Red book

Measles: What to look out for and how to keep your children safe

Lancashire's Director of Public Health, Dr Sakthi Karunanithi and Lancashire GP Dr Lindsey Dickinson on how to protect yourself and your loved ones against measles and why you should be taking action now.


Dr Sakthi Karunanithi-6


Dr Sakthi Karunanithi, Director of Public Health, Lancashire County Council


If you've been following the news, you'll know there has been a recent, increase in measles cases in England, including (at the time of writing) an ongoing outbreak centred in Birmingham and around the West Midlands region of England.

Most of the cases have been in children under the age of 10 years with many outbreaks linked to nurseries and schools.

While there are no reported cases in Lancashire at the time of writing, the UK Health Security Agency (UKHSA) is warning that further outbreaks of measles will spread to other towns and cities unless urgent action is taken to increase measles, mumps and rubella (MMR) vaccination uptake in areas at greatest risk. 

Measles has practically been eradicated from Lancashire for several years so as Director of Public Health, I am concerned by the prospect of it returning.

Across England, uptake of the routine childhood vaccinations, including the MMR vaccine, is the lowest it has been in a decade and is well below the levels needed to protect the population and prevent outbreaks.

This is giving this serious disease a chance to get a foothold in our communities.

We want to make sure that parents have all the information they need about measles and MMR vaccination so they feel equipped with the knowledge of how to protect themselves and their loved ones from this disease. 


What is measles?

Measles is a highly infectious viral illness that spreads very easily among those who are unvaccinated, especially in nurseries and schools.

It can be a very unpleasant illness and usually starts off with a high temperature and a cold with red eyes, followed by a rash that spreads from your face to the rest of your body. The rash may be harder to spot on black or brown skin.

In some children measles can be very serious, leading to hospitalisation and in rare cases can cause death.

People in certain at-risk groups including babies and young children, pregnant women, and people with weakened immunity, are at increased risk of complications from measles.


How to protect your loved ones from measles

Vaccines are our best line of defence against diseases like measles and help stop outbreaks occurring in the community.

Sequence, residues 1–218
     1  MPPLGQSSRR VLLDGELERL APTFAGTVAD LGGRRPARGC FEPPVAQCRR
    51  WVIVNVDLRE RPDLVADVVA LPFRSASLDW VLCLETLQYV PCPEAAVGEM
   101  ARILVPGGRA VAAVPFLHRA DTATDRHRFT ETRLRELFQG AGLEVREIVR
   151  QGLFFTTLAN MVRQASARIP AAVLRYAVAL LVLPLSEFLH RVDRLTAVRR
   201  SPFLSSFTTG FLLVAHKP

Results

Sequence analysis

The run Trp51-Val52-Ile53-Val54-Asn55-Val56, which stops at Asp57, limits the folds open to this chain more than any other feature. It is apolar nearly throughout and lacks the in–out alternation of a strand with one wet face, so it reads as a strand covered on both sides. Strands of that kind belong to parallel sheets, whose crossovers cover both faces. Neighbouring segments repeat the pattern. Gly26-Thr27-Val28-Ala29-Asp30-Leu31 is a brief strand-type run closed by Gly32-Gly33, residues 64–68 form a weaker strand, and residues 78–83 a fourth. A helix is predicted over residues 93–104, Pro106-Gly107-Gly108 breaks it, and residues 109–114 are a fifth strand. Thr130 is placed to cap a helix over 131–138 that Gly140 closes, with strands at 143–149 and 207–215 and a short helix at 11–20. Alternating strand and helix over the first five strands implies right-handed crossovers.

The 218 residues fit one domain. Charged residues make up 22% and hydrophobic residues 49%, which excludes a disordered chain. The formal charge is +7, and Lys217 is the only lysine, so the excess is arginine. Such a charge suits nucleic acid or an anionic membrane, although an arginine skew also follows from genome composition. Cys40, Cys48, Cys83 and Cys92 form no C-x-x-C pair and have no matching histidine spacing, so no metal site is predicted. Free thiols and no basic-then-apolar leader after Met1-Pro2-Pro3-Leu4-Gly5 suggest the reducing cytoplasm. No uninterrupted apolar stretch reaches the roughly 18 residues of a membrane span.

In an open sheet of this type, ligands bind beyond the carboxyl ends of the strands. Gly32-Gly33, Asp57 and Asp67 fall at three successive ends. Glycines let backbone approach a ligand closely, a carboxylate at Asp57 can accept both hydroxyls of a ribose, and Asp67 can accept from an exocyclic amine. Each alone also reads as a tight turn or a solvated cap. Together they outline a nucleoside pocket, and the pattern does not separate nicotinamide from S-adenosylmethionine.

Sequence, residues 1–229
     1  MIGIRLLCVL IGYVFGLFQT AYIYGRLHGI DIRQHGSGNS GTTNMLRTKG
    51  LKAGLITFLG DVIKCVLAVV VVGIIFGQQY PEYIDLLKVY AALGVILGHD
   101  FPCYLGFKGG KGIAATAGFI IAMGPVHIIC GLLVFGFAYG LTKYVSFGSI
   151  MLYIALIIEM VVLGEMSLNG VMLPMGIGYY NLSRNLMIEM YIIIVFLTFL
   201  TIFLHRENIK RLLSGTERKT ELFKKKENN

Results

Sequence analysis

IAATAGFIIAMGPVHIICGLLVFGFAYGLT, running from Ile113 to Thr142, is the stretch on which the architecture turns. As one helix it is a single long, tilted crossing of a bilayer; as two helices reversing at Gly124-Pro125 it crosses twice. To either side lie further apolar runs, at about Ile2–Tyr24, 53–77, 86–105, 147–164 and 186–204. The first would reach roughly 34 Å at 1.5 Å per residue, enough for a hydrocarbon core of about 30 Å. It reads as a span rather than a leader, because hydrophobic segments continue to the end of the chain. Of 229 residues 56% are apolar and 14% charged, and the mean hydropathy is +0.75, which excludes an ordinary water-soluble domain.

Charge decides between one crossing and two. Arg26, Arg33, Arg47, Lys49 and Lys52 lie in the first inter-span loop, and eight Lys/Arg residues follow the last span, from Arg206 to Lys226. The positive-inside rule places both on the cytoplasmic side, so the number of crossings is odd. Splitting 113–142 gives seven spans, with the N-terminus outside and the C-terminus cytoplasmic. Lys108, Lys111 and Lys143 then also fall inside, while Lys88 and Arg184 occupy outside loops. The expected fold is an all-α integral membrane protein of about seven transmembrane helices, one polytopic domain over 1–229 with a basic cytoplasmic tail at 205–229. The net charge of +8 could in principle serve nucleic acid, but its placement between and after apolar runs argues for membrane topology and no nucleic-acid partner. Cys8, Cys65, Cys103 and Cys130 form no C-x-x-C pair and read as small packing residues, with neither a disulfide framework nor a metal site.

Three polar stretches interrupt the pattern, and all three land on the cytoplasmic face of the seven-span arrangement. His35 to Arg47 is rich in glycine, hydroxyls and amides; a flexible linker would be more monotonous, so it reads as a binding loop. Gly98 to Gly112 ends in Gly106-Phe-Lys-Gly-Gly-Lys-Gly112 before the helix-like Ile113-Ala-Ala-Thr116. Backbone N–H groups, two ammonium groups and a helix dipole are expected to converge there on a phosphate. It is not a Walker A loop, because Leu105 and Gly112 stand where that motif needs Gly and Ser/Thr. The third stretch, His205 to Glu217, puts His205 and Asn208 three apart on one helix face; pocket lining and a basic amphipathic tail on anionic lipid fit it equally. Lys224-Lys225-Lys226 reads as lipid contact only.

Achieving high vaccination coverage across the population is important as it also indirectly helps protect very young infants and other vulnerable groups.

You can get the MMR vaccine on the NHS for free from your GP practice. Children are offered the first dose when aged one year and the second dose aged 3 years 4 months.

We are calling on all parents and guardians to make sure their children are up to date with their 2 MMR doses.

It’s never too late to catch up, and you can get the MMR vaccine for free on the NHS whatever your age.


Dr Lindsey Dickinson


Dr Lindsey Dickinson, NHS Lancashire and South Cumbria Integrated Care Board (ICB) Associate Medical Director


What are the symptoms?

Symptoms include a high fever, sore red watery eyes and a blotchy red-brown rash.

There is information on measles on the NHS website.

This includes advice to parents and carers to check if their child has measles, including photos of the measles rash.

Measles is a highly infectious viral illness, so anyone with symptoms is advised to stay at home and phone their GP or NHS 111 for advice, rather than visiting the surgery or A&E, to prevent the illness spreading further.


How infectious is measles?

Measles is one of the most infectious diseases in the world and can spread easily through coughing and sneezing.

Measles has an ‘R value’ of 15, which is very high and means it can easily reach other people very quickly.

To put that into perspective, Covid-19 has an R value of 3. Influenza is 1.7 and the common cold has an R value of 8.

With such a high R value, it only takes a small amount of time for measles to spread from a handful of people to thousands of cases, especially if there are a lot of unvaccinated people.

Currently, uptake of MMR in the region is much lower than the 95% target set by the World Health Organization (WHO), which is necessary to protect the population.


Book a vaccine now

If your child’s vaccines are not up to date, book at the GP practice. Check your child’s Red Book if you are not sure or call the GP practice.

If you are not registered for a GP practice: find your nearest practice and get registered by checking:

For more information, visit:


NHS red book